The Oceanaire Seafood Room is a rapidly growing, high-end seafood chain that just docked in the Washington Square section of Philadelphia. Oceanaire is a unique dining experience, a tribute to a bygone era. The atmosphere is that of a tasteful 1930s supper club aboard a luxury ocean liner—complete with grand Art Deco curves, cherry wood accents, comfy red leather booths, and big band music drifting through the air.
The service, too, is nothing short of first class. Even if you’re not a judge, or a doctor being wooed by a pharmaceutical rep, the staff at Oceanaire will make you feel just as important.
But as impressive as the décor and service are, they merely act as a backdrop to showcase the two concepts for which Oceanaire is notoriously famous. First, Oceanaire boasts that its fish is “Ultra-Fresh”—what you’re eating today was likely swimming in the ocean yesterday afternoon. The menu changes daily depending on market availability. Executive Chef Anthony Bonett is in his element; he spearheaded the late Opus 251’s market fresh approach.
Given the obsessively high rotation of its inventory, you would be remiss if you didn’t experience Oceanaire’s raw oyster bar, which offers a bevy of bivalves from both coasts. We tried the Effingham, Kumamoto and Netart Bay ($2.10 per oyster). The Effingham were briny and a little sweet, the Kumamoto were rich and buttery, and the Netart Bay were also briny and mild.
Another must-have is the Jumbo Lump Crab Cake ($13.50 as an appetizer, around $26 as an entrée). Each hulking crab cake is pure jumbo lump crab meat. There must be some small amount of filling holding it all together, but it’s virtually impossible to detect. The crab cakes are broiled and come with Oceanaire’s signature Mustard Mayonnaise, which adds an addictively rich, zesty kick.
Oceanaire’s menu is vast, yet navigable. There are two ways to have the daily catches prepared: (1) simply grilled or broiled; or (2) as one of the chef’s daily specialties. My wife chose the Striped Sea Bass simply broiled ($25.95). From the first bite to the last, the uncomplicated preparation of this dish was a constant reminder of how fresh the fish really was.
While the Ultra-Fresh experience may be a lure for many fish lovers, others may see it as an anchor. Oceanaire’s fish dishes, even its specialties, are prepared in a way that highlights—or, at a minimum, does not overshadow or compete with—the freshness of fish. However, fish lovers looking for more celestial or sublime compositions may not always be wowed by this approach.
The Black Cod special, for example, was prepared with a light, delicate orange ginger sauce ($28.95). On another occasion I had the Mahi Mahi special, which was rubbed with Cajun spices and accompanied by a dollop of blue cheese ($23.95). The specialties were tasty and merit repeating. However, it would be interesting to see what the kitchen could do if it sailed into deeper waters.
The second concept Oceanaire is famous for is that everything comes in only one size—titanic. The entrées are essentially double portions. The sides, which come a la carte, are so large that each one easily could feed a table of four. However, some of the sides (such as the roasted potatoes) are a little too simply prepared and could benefit from some creative chefing.
Oceanaire’s bigger-is-better mentality also carries through to the bar, making it a pearl for those hunting for an economical cocktail hour. A glass of 2005 Mark West Pinot Noir at Oceanaire will set you back $12 (only slightly more than other restaurants); however, you’re getting a generous double pour. Similarly, a Chopin martini costs $12.95, but it’s basically a double. It’s also worth noting that Oceanaire’s long, sleek metal bar and its neighboring curved wooden bar are perfect places for those who occasionally dine alone.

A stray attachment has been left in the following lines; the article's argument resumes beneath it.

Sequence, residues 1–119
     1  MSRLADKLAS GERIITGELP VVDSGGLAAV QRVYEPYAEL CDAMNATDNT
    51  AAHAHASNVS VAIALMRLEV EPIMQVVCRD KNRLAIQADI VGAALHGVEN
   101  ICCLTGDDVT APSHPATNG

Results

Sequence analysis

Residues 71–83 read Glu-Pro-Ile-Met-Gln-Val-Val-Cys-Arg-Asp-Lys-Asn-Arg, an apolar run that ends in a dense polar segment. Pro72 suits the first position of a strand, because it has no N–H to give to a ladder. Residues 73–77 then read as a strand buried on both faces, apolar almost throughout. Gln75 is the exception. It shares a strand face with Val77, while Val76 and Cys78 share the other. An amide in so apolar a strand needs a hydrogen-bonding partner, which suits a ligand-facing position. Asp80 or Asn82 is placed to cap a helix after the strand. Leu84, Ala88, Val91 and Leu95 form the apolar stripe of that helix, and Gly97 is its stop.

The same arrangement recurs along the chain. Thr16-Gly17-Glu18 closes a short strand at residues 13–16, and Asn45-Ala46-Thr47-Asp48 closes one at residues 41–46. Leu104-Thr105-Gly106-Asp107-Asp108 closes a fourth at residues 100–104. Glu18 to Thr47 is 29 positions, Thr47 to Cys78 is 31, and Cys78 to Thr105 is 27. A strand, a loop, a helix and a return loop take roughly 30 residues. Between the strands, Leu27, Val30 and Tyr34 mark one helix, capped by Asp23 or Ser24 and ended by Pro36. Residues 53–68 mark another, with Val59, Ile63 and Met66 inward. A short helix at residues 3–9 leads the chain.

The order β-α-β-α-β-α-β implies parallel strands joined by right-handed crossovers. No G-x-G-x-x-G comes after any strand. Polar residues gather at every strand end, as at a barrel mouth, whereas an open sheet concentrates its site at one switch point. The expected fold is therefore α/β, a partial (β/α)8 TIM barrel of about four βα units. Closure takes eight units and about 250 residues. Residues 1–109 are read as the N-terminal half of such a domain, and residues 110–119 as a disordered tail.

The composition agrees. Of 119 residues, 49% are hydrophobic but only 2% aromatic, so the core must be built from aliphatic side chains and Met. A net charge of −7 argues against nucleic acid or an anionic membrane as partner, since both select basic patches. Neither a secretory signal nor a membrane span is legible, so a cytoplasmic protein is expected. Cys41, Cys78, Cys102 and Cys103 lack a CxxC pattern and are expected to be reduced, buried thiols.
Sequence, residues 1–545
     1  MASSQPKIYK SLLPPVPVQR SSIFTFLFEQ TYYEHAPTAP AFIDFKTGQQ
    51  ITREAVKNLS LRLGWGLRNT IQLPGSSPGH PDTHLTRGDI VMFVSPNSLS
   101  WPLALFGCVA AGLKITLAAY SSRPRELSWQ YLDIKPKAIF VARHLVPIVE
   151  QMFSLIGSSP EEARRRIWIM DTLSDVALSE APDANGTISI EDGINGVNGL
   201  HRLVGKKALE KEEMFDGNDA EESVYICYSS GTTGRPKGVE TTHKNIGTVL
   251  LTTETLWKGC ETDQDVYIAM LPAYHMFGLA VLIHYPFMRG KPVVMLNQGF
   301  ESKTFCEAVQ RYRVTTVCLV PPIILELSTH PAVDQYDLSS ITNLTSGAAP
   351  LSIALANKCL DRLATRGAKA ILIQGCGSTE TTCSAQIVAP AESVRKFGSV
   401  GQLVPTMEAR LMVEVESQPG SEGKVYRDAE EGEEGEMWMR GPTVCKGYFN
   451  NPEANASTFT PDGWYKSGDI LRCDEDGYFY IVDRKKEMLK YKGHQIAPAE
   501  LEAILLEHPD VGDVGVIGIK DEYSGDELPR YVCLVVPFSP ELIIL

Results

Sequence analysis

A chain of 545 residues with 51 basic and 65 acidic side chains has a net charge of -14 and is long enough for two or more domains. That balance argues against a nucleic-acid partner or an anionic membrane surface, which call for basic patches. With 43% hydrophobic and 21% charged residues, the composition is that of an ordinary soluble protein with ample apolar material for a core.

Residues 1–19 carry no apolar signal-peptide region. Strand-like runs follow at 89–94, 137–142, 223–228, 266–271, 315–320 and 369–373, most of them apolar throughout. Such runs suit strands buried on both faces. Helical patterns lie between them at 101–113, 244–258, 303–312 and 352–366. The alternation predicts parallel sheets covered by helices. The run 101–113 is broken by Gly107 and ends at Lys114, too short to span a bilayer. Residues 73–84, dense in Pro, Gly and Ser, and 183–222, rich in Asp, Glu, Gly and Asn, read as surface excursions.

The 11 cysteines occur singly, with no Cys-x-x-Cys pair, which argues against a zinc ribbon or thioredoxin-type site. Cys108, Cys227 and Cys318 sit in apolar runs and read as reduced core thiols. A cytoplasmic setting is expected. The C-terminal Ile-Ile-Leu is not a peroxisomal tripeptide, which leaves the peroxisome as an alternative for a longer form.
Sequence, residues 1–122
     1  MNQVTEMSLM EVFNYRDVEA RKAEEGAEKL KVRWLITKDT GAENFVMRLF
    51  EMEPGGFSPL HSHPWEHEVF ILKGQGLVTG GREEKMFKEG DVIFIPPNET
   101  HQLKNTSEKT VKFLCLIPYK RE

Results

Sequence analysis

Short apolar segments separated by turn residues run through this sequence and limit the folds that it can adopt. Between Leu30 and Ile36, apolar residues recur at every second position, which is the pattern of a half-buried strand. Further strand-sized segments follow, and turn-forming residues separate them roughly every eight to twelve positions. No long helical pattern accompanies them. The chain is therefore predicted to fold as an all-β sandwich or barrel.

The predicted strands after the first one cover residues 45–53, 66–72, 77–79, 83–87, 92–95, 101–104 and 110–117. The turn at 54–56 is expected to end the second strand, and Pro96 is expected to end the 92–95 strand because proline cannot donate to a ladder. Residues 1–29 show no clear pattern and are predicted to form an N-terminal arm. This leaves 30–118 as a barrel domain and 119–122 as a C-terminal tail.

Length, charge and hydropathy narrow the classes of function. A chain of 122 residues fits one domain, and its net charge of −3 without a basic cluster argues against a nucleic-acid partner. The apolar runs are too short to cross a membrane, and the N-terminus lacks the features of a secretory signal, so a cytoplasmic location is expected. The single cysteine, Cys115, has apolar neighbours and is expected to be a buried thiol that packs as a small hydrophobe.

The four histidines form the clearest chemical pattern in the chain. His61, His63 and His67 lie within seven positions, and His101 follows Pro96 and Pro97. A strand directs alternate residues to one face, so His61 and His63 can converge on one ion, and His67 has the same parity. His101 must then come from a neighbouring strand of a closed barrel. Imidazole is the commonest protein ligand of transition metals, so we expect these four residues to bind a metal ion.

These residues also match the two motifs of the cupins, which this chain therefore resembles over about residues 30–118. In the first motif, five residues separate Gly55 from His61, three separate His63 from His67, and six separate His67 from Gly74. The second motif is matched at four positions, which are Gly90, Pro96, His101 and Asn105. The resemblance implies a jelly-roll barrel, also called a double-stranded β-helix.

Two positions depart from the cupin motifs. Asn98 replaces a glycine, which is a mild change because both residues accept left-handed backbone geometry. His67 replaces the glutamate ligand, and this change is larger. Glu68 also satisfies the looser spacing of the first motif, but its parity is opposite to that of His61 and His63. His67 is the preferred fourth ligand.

Oceanaire is among a small, elite group of Philadelphia restaurants that have earned Wine Spectator’s Award of Excellence—which means it has a well-chosen selection of at least 100 wines by quality producers and a thematic match to the menu in both price and style. Oceanaire has dozens of wines by the glass and even more by the bottle. There’s even a small selection of half bottles. Oceanaire also has a separate Captain’s List of wines, which has an impressive selection of hard-to-find bottles that hover in the triple digits.
Oceanaire’s Ultra-Fresh selections and gargantuan portions make it a Disneyland for fish lovers. One bite and you could be hooked.
The Oceanaire Seafood Room
700 Walnut Street
November 20, 2006
November 17, 2006
Every year on the third Thursday of November the new vintage of Beaujolais Nouveau is released to the public. This year that day was yesterday—November 16, 2006.
In France, the timing of Beaujolais Nouveau’s release is governed by law (it cannot be served before 12:01 a.m. on that special Thursday), and its release is celebrated with a certain degree of gimmicky fanfare. The U.S. also celebrates its release, albeit to a lesser degree, due to an international marketing campaign largely credited to Georges Duboeuf, Beaujolais Nouveau’s largest producer.
Beaujolais Nouveau is made from the Gamay grape, which is harvested, fermented, and bottled all in about six weeks. The result is a light, fresh, fruity red. Because this young wine is also relatively acidic and lacks the tannins and oakiness characteristic of many red wines, it is often touted as a safe way to introduce reds to those who prefer white wine. For that same reason, though, some wine purists harbor contempt for Beaujolais Nouveau, calling it Kool-Aid and dismissing the faux holiday that spawns from the Duboeufian marketing blitz.